When I was a kid, imagination came easy. Sit in an abandoned car. No. I’m Chewbacca in the Millennium Falcon. Venture to the hole in Millsboro, DE? Ha! I’m Indiana Jones and the Crater of Chaos. Then we moved to New Jersey. It took awhile but friends came and with them came the new imagination…the tabletop RPG.
Now I played Dungeons & Dragons but griped about it all the time. As a book freak, comic fan and wannabe writer, I was always, “Where’s the plot?!” Seriously, you start in a dungeon. How did we get there? Why? To get treasure from monsters was the usual answer. It’s a +3 sword. How does my character know? Is it inscribed in the hilt? Yeah. That was me every weekend. How did I keep those friends then? Should have been a journalist.
But one common response was that I shouldn’t ask so many questions, especially serious ones,during a game about FUN. Fun is a way to ‘forget reality’. That’s what games are for.
I begged to differ. As the only non-white kid in an all white group of gamers, I found the character classes (all European) biased. When one magazine offered an African based class, or the hippopotamus like Griff in Spelljammer, I grabbed it up to a good deal of gruff for ‘trying to hard to be different’. But I didn’t have to try. I was the odd duck in a crew of odd ducks. Different comes normally.
But I also tried to make a point. Is fantasy, or any genre, race specific? When we kill everthing our characters meet, then what? If we kill indiscriminately and so do those of a chaotic evil nature, what’s the difference? Why are goblins and orcs always evil. You know they call that prejudice, right?
Eventually we moved on to superhero games and giant mecha, martial arts, etc. I became the narrator, and got obsessed with telling, not just a great fight, but a NARRATIVE. This is _____. This is ___. X happens. The effects of X is ____. Resolution. What leads to what? Ideas came from surrealism, race riots, murders on the news, war stories and more. I used real things that mattered to avoid reality so we could discuss what we were avoiding. Got it?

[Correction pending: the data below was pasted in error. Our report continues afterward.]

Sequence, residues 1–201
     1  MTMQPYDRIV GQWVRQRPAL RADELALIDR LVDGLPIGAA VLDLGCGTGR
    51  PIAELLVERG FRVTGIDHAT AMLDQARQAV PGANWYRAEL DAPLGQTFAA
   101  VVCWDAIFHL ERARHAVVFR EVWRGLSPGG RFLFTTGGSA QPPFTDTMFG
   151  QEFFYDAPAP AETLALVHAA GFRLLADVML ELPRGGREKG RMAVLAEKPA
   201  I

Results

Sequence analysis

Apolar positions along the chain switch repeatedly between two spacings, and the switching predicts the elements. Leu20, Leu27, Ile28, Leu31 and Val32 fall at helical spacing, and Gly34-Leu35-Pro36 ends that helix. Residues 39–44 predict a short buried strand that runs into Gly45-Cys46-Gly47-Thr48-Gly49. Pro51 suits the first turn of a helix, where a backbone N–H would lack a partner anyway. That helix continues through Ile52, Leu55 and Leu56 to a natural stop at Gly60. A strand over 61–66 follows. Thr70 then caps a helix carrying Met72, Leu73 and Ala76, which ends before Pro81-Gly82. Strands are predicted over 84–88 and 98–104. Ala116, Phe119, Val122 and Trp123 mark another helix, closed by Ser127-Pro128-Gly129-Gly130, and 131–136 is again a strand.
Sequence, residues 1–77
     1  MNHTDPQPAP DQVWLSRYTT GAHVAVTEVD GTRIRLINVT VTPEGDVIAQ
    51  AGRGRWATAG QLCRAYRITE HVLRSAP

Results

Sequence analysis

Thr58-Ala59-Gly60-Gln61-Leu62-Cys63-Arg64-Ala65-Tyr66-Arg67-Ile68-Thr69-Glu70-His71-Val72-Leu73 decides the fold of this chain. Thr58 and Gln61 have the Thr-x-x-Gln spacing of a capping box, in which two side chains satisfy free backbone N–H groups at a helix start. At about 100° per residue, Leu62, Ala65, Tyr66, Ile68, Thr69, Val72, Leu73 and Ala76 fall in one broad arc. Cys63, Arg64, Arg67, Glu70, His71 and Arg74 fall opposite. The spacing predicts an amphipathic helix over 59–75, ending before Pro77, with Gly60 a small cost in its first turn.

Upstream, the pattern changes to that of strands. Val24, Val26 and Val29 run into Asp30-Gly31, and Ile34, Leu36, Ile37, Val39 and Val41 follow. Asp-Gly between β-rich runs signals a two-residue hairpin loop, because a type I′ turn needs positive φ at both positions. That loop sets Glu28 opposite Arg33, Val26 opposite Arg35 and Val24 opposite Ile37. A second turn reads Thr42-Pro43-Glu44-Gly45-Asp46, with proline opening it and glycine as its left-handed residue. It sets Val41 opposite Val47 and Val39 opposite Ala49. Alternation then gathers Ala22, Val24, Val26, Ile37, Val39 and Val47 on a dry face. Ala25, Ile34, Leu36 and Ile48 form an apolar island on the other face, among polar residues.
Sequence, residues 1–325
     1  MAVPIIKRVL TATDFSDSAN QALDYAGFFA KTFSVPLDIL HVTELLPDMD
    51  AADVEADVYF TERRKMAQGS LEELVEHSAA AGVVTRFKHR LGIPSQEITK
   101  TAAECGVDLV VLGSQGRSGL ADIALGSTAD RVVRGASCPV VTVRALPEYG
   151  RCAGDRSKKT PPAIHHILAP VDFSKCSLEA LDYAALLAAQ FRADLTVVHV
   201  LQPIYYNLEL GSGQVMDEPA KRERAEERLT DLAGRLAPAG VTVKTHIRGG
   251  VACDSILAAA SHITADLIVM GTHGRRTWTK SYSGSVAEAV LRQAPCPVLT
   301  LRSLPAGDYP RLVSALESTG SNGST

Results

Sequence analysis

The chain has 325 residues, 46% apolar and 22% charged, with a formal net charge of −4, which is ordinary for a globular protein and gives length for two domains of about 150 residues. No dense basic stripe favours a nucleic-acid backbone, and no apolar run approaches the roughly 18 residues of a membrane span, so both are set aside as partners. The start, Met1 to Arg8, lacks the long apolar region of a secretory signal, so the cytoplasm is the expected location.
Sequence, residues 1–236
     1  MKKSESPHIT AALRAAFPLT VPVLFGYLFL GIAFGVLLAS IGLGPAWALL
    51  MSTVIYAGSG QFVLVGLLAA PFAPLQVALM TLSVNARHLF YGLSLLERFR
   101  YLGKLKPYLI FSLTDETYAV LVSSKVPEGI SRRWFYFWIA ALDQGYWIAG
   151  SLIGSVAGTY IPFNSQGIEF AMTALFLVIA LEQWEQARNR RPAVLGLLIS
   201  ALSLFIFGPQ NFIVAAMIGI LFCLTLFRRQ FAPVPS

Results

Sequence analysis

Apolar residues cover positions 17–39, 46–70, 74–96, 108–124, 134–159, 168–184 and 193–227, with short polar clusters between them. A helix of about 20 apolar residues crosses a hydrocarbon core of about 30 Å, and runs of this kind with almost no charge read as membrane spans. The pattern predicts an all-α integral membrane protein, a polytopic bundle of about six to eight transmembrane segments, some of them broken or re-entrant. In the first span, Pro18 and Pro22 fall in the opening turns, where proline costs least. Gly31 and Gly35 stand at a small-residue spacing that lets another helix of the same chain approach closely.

That’s always been my argument. Humanity, a lot of it, becomes fatigued dealing directly with hard truth. Especially now. Yesterday an earthquake killed over 2,000 people (so far). 800 Africans migrants drowned in a capsized boat near Italy. Tragedy. Sorrow. Let’s talk about something else! Grab an RPG! Run!
Let’s watch an action flick about a violent hero, beating a villain and stopping his plot to kill hundreds of people in a terror attack. Let’s avoid the long American war on terror by watching someone fight terror. Then let’s cycle around to talk about terrorism. Inevitably while we watch, some onlooker brings up 9/11 or his brother’s PTSD from the war. See? We hate direct, negative news. But we love the loopholed, roundabout route to do the same thing.
I hate when people say stories are told just to be stories. Do I wear glasses to be glassy? Eat to be eatful (ugh)? They use children’s stories, most ending in morals, as if those prove their point (HINT: most kids’ tales remind us to be good friends). Stories funnel, process, sift and focus our world for us. They are social computers in the form of writers and artists to make you see art first…then calculate the more dire thoughts slowly ring in your mind. Clever humans.
That’s what my Railroad City Legacy does. Made as a roleplaying game way back in 1993, I wanted a place to talk about America, race, gender, and heroes. Good and bad, the pros and the cons. Why do heroes just wait for something bad to happen? If heroes are different, why do they seem the same on teams? Every now and then I hit it hard. Racism, rape, criminals get off scott free. If you read my first book An Unsubstantiated Chamber, you know it starts not long after the greatest heroes were killed by the American government! Smack! Only average selfish folks are left. Will any of them bother to step up, do good? Heck, can they, and if so, how long can they uphold it? Now let’s start from there, and see what happens.
Sound harsh? Don’t worry, it’s a story. As it’s told, you’ll forget about the harder details…
…so you can dwell on it later.